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Concrete highways

Contradictions within

I fear, one day, the globe will have a concrete cover leaving no space for anything else.

I have been a highway traveller, by hobby, for some time now.  Yet, I haven’t travelled by road to such places as Mumbai to Ahmedabad, Pune to Satara, Bangalore, etc. I have not seen heavy traffic rush in many north Indian stretches. I have been wondering why we need so many highways everywhere.

The government says it is for future requirements, travellers’ comfort and for fuelling employment generation through increased industrial activities. On the other hand, many small but highly travelled roads look shabby with too many potholes making commuting a chaotic experience. But no government is giving much importance to those things; instead, they are busy making more highways, which are currently not required.

Investors are ready to invest when they are assured of good returns. The public will have to bear the cost through tolls and taxes. There is no other way to return the investors’ money with profit on it. Finally, people pay their money to buy the toxic impact of pollution.

Recently, the Prime Minister inaugurated Phase 1 of Samruddhi Mahamarg in Maharashtra, the longest operational highway in the country. The 700-km Samruddhi Mahamarg connects Mumbai, Nashik, Aurangabad, and Nagpur. The highway is said to boost the State’s economic development. It passes through 10 districts of the State. With grids of expressways connecting it, the State will meet its dream of a 5000 Km express highway. After spending over Rs 55,000 crore, in the next two decades it will connect nearly 36 districts in Maharashtra. But this prestigious Mumbai-Nagpur highway will not lift many districts of the state from impoverishment.

The government chants the development mantra by tuning the longest and biggest roads in India. India has the second longest road infrastructure after the US. Russia is five times larger than India.  China is three times larger and more populated than India.  These countries have a road network smaller than India.  Do we need such long highways for overall economic development? Everywhere there is a road.

At present, India has a road network of 63,71,847 Km, out of which national highways constitute 1,40,995 Km. The State has 17,725 km of national highways, 32,423 km of State highways, and 94 km of expressway between Mumbai and Pune. Maharashtra tops the list of States with 22.14% of the roads built in India. It still requires more roads!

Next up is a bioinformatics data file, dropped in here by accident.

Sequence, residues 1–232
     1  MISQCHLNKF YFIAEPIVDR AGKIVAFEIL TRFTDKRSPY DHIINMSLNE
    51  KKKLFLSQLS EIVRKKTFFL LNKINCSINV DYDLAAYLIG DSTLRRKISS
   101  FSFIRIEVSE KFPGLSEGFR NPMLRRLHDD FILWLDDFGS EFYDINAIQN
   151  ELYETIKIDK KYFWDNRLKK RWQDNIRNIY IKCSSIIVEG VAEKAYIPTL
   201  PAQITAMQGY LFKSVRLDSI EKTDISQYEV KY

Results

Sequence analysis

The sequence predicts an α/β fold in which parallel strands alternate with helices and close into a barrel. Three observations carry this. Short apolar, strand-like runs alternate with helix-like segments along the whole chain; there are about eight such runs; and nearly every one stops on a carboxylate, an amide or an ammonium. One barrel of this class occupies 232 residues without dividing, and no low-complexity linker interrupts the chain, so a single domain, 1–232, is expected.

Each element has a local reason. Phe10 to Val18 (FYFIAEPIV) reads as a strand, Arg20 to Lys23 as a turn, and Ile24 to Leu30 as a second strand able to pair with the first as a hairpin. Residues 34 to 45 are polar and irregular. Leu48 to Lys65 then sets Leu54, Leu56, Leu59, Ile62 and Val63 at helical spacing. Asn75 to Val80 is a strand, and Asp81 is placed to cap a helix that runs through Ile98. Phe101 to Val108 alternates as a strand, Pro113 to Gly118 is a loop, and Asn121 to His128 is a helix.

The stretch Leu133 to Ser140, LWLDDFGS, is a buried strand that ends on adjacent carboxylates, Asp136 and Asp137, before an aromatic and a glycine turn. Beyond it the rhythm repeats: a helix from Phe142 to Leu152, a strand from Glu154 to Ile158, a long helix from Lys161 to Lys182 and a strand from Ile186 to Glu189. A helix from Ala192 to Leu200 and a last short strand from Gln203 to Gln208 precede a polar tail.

We know more cars with an internal combustion engine would cause more problems. We encourage sales of vehicles for the growth of the automobile industry, one of the major revenue spinners for the government. At the same time, the government promotes public transportation. This will have a good connotation only when the rise in private transportation is arrested only with exorbitant road taxes instead of tolls. That will discourage the private ownership of high-emission passenger vehicles.

There are tolls everywhere as a road user-charge. The road tax is the token charge for ownership. Tolls are collected to meet the cost of the road and building. Over a period the toll revenue reaches four-fold the cost of the road building. No one questions the mechanism of enormous toll collection.

The toll payers never become the owner of the road because the government keeps milking the infrastructure, which is completely built at the cost of the riders. Private toll plaza manages to have a field day.

Chandragupta Maurya was the first to build roads in India to connect different places and increase connectivity. However, he intended to destroy the natural resources.

When we build more roads, we harm the environment. Our leaders go abroad to address environmental issues. They assure the reduction of greenhouse gas emissions and the creation of more green fuels.

More roads and more vehicles only mean more unpreventable pollution. It seems what we do in the name of a safe environment goes against environmental safety as we target more vehicles and longer roads.




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By Heart - Sajikumar Nair

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